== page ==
To exclude, to expel:
Former office secretary Sally Hyde said three years before her 60th birthday she received an ‘unwarranted’ letter from the Department for Work and Pensions stating her retirement age had been increased from six year to 65. One year later, the number increased to 66 again.
A Waspi campaigner has described the government’s raising of the government pension age as an ‘act of robbery’ that has pushed thousands of women into poverty.
In 2011, former office secretary Sally Hyde received a letter from the Department for Work and Pensions (DWP) stating her retirement age had been increased by five years to 65.
Two years later, she received another letter saying it had risen again and that she would retire at 66 instead.
Mrs Hyde, now 66, told The Mirror: “I am a woman born in 1950, and I believed from the day I started working that I would have pension scheme at the age of 60.
“I worked as a Saturday Girl at Woolworths, while still in school, then started working full time.”
She spent the next 45 years of her career in office jobs and planned to retire in five years before turning 60.order birthday.
Ms Hyde said: “It would have been better if it had been called the Grand Pension Robbery, as it was quite simple.
“I have been paying for 45 years, but most of which were “contracted” that means even though I have worked more years than is necessary to qualify for the statewide pension, I still won’t get it, due to contracted status.
“I received the unaudited pension forecast for 2011 by the DWP, and that was the first time I realized that the state pension age was increasing. Mine went from 60 to 65 in one swoop.
“In 2013, I got another letter from the DWP saying another year had been added, and retirement age it’s 66 now.
“The problem is that I turned 60 in 2015, leaving me without enough time to try to make up the six-year gap without a pension.”
In 2016, a year after 60 order For her birthday, Ms. Hyde was left with a surplus, leaving her facing an even larger retirement deficit.
“I lost my role in early 2016, because of my age and health I couldn’t get another job,” she said.
Fortunately, Ms. Hyde’s husband, a former truck driver, had amassed enough savings to keep them afloat.
“Many women my age are not so fortunate, and they are living in poverty, working in extremely poor health because they have no support,” she said.
“We wouldn’t mind if we women had equal rights throughout our working lives, but we never have.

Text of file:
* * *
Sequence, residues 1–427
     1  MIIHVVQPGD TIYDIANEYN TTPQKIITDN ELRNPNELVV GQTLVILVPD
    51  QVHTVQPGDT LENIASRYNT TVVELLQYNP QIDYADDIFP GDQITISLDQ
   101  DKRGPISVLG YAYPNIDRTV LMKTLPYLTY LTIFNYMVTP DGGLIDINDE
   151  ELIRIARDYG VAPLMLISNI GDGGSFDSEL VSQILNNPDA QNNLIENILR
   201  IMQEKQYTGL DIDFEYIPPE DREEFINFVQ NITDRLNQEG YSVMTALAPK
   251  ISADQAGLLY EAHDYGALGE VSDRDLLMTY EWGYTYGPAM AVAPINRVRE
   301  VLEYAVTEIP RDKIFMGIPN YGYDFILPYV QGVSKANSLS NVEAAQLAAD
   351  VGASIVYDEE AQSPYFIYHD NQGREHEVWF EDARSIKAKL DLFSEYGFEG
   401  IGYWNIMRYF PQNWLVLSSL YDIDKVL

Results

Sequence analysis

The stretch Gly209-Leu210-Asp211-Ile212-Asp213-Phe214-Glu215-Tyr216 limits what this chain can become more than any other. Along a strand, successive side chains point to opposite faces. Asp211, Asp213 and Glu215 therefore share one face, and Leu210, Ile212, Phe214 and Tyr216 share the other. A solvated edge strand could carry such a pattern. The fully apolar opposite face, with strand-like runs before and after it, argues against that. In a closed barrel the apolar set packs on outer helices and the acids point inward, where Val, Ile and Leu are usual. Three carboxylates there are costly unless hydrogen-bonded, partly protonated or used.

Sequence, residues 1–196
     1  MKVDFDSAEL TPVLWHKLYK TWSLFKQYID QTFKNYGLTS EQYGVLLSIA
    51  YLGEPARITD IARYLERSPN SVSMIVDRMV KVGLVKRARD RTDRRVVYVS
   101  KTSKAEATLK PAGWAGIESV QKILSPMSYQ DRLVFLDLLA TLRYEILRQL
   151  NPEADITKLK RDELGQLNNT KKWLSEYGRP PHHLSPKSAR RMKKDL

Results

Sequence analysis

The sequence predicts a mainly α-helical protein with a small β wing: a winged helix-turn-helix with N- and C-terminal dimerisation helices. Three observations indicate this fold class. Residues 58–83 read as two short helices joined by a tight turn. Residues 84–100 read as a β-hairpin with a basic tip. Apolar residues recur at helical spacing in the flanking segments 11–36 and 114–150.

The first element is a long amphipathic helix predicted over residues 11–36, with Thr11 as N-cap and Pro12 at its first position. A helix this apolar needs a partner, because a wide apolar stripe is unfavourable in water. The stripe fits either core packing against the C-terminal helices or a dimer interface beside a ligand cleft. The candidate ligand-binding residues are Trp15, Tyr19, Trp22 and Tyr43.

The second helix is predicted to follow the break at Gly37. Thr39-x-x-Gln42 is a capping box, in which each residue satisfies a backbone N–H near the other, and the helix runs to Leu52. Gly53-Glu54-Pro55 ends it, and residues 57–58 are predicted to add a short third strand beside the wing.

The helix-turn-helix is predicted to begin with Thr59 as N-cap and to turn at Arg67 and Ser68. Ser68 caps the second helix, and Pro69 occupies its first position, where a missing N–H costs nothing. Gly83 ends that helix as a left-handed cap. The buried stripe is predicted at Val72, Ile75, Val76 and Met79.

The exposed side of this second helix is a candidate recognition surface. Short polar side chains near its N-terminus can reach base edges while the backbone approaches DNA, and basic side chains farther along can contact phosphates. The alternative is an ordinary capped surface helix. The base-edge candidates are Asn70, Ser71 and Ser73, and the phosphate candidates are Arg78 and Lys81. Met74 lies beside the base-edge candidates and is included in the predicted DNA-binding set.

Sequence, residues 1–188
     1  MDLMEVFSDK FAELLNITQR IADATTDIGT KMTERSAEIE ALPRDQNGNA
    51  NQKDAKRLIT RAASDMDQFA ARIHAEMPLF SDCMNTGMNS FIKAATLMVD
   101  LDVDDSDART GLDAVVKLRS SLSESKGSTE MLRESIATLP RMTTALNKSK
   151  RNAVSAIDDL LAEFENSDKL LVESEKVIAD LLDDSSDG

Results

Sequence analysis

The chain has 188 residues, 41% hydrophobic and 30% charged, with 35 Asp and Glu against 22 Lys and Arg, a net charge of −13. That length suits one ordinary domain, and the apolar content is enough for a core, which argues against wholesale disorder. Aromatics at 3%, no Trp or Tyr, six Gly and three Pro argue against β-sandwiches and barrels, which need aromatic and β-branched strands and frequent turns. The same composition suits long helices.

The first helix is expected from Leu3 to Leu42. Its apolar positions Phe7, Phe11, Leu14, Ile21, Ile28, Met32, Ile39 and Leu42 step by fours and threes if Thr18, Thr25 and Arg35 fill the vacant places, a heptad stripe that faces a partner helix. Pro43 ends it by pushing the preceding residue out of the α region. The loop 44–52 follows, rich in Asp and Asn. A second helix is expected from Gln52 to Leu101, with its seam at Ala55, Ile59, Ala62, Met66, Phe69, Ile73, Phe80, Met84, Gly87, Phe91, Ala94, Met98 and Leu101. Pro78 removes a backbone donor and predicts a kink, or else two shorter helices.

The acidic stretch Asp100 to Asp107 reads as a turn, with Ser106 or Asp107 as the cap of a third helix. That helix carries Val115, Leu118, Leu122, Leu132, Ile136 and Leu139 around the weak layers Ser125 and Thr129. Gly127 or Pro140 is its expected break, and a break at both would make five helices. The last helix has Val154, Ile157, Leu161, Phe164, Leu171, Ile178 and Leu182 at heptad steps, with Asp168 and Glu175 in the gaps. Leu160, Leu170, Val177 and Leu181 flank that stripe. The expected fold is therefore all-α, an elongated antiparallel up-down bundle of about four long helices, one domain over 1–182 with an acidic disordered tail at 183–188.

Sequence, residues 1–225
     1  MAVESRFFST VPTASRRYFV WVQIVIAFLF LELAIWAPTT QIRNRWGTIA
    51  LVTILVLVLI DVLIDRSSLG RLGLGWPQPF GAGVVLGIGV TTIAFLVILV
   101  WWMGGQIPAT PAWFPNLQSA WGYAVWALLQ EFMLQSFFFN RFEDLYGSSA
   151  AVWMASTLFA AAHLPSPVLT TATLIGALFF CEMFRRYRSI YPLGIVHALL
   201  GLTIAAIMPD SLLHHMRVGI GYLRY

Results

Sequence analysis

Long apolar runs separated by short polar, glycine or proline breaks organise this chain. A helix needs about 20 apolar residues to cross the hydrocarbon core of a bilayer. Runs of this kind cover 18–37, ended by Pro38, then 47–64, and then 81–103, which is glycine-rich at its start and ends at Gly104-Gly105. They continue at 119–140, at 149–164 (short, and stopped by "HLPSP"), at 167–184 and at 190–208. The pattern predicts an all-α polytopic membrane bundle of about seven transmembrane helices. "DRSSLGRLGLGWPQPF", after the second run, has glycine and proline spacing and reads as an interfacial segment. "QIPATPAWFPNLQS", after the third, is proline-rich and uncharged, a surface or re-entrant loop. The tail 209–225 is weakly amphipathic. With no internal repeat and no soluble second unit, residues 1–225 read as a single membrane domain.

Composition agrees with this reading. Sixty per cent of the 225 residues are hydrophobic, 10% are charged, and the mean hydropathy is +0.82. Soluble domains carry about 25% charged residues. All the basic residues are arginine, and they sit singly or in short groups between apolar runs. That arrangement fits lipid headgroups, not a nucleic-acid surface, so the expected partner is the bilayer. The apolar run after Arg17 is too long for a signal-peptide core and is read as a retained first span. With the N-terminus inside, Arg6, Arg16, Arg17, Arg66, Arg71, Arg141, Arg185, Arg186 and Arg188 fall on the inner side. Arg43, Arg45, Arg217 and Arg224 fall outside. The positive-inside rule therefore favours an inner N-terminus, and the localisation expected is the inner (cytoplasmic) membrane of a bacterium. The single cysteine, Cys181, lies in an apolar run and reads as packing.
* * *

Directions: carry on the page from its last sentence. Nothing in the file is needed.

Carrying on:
“I have never been paid the same amount as men who do the same work as me. I never had a chance to apply or get promoted, as women were never seen as “salaried workers” but simply earning a bit of “pin money”. ”
The government said it had changed the pension age to make retirement equal for both sexes, but Ms Hyde said: “It’s not fair to offer equality in destination, when it hasn’t been. there for the rest of the ride, but that’s exactly what happened.”
“These changes were made without providing us with the necessary information to prepare for the event.
“All of this was decided in 1995, but I know a lot of people who were never officially informed of the changes.”
She thinks it would be fairer to raise the retirement age to 63 – the age of ‘meeting in middle age’ for both men and women.
Mrs. Hyde says the fight is still going on for Women of the Waspi . generation.
“I have attended any protest marches, in Cardiff, London and Manchester.
“This issue affects every UK household, we all have a grandmother, mother, aunt, sister, cousin, niece, daughter-in-law or a friend affected, even if personal Your kernel is not affected.
“I feel stressed, frustrated, angry and deeply moved by the way my last generation of female workers has been treated. We have worked hard and contributed our whole lives, and this is the end result. ”
Last summer, the Parliamentary Ombudsman ruled that government officials were “too slow” to notify many women of the increase. state pension age . The decision was hailed as a significant victory for the WASPI campaign calling on the government compensation for affected women.
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However, the Ombudsman does not have any powers to reimburse pensions and cannot recommend that people receive their state pension earlier than allowed under current law.
A spokesman for the Department of Employment and Pensions previously said: “Over 25 years ago, the Government decided to make the state pension age equal for men and women, which is a long overdue move in the for a long time towards gender equality.
“Increasing the State pension age in line with life expectancy changes has been the policy of successive administrations for many years.”
It said both the Supreme Court and the Court of Appeal supported the actions of the DWP, under successive governments dating back to 1995, and that the Supreme Court denied the plaintiffs’ right to appeal.
The story behind the Waspi . generation
Many women born in the 1950s were initially told they would retire at age 60 – five years earlier than men, until the government changed equal rights in 1995.
That year, the Department of Employment and Pensions raised the pension age to 65, the same age as men.
But it gave women 15 years of regret, and then from 2010 began to gradually increase the age.
In 2011, the government sped up the process – and dropped a bombshell on women born in 1953-4 who suddenly knew they would have to wait longer than expected to retire.
This means that women born before April 6, 1950 can still retire at age 60, but women born a year after that will have to wait longer, and those born in the mid-50s have to wait until their 66th birthday to receive the state pension.
https://www.mirror.co.uk/money/waspi-woman-says-dwps-retirement-26406508 Waspi woman says DWP retirement age 'robbed' thousands of dollars from her state pension